BUBLE

5.4.16

The Beauty World Is Global. Brands Need To Understand & React To That.

We've never been more connected than we are now. In our digital age we can discover what's going on half way around the world at the click of a button; we can instantly see through the eyes of someone that we've never even met via a Periscope live stream; breaking news no longer hits us via our television screens, but on our Twitter feed. Information has never been more fluid and we've never been so globally unified towards a common goal - whether that's against something as serious terrorist activity, or throwaway as Kim Kardashian's latest naked selfie. From a fashion point of view, that means we can translate what's happening on a Hollywood red carpet within minutes; from a beauty perspective it means we're more aware of product news and innovation, even if it means there's no possibility of it even reaching our shores in the distant future. As travel becomes even more affordable, and worldwide shipping becomes increasingly possible, there are no longer the barriers there were once in place to stop products and ideas amalgamating into one. Although visiting a Sephora store will always have a special kind of appeal, realistically the majority of brands and products are now available across the globe - or at least can be shipped there with very little effort. I've recently returned from a trip to Paris with L'Oreal, as part of their inaugral Skin Summit, where they opened their labs and technologies to influencers from across the world. Although the whole experience was fascinating and helped me to understand how much time, effort, technology and money goes into developing a simple face cream, one of the key things that kept my brain on edge was the ongoing insistence of localised product launches.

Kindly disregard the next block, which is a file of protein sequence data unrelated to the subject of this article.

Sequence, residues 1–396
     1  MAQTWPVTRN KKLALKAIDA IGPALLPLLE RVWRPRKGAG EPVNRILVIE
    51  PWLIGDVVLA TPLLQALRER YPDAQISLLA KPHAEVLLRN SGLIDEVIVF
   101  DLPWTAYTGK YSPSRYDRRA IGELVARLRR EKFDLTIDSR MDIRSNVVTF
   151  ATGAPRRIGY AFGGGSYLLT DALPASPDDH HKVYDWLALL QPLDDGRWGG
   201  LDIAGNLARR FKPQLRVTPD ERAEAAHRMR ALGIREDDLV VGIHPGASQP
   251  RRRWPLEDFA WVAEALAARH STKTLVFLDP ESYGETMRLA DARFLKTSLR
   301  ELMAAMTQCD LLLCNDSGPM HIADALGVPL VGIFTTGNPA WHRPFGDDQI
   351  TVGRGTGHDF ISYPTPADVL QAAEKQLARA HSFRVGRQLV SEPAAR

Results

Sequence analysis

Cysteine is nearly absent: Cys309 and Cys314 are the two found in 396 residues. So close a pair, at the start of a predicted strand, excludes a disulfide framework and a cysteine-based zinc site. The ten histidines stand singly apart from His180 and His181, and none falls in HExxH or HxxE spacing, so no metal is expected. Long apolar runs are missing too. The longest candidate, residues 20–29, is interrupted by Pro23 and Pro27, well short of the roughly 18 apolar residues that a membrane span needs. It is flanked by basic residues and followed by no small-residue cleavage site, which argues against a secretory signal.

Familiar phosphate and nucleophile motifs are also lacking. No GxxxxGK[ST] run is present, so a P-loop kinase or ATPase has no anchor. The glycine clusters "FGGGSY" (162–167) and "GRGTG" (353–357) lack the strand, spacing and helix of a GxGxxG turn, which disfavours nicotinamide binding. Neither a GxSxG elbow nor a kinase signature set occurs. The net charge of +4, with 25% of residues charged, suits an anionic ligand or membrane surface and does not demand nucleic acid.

L'Oreal, like many other household names (Unilever, P&G, GSK, Johnson & Johnson), operates in every market across the globe. They've historically understood that the needs of women change somewhat dependent upon their location, particularly as cultural influences play a huge part in determining our areas of concern. (China is obsessed with smog; Korea is concerned with brightening; France is all about a pharmacy approach, whereas in Britain we like to keep it simple.) However, as European markets in particular look to our Asian counterparts for inspiration and innovation, the gaps are becoming less and less prominent; not only are we using them as inspiration for the creation of new UK-only products, but we're actually importing them directly via sites including BeautyMart and Cult Beauty. Global innovation is increasingly accessible and universal concerns are becoming increasingly apparent; although pollution has traditionally been a worry of built-up and smog-filled Asian cities, as we start to understand the impact of this on skin condition and ageing we're progressively becoming as obsessed as our Chinese counterparts. Micellar water and sheet masks may have seemed like an obscene purchase only five years ago, but now they're as normal as a hydrating lipstick. We're moving, merging and uniting into one global entity - and in my opinion this is only going to become more and more apparent over the next five years.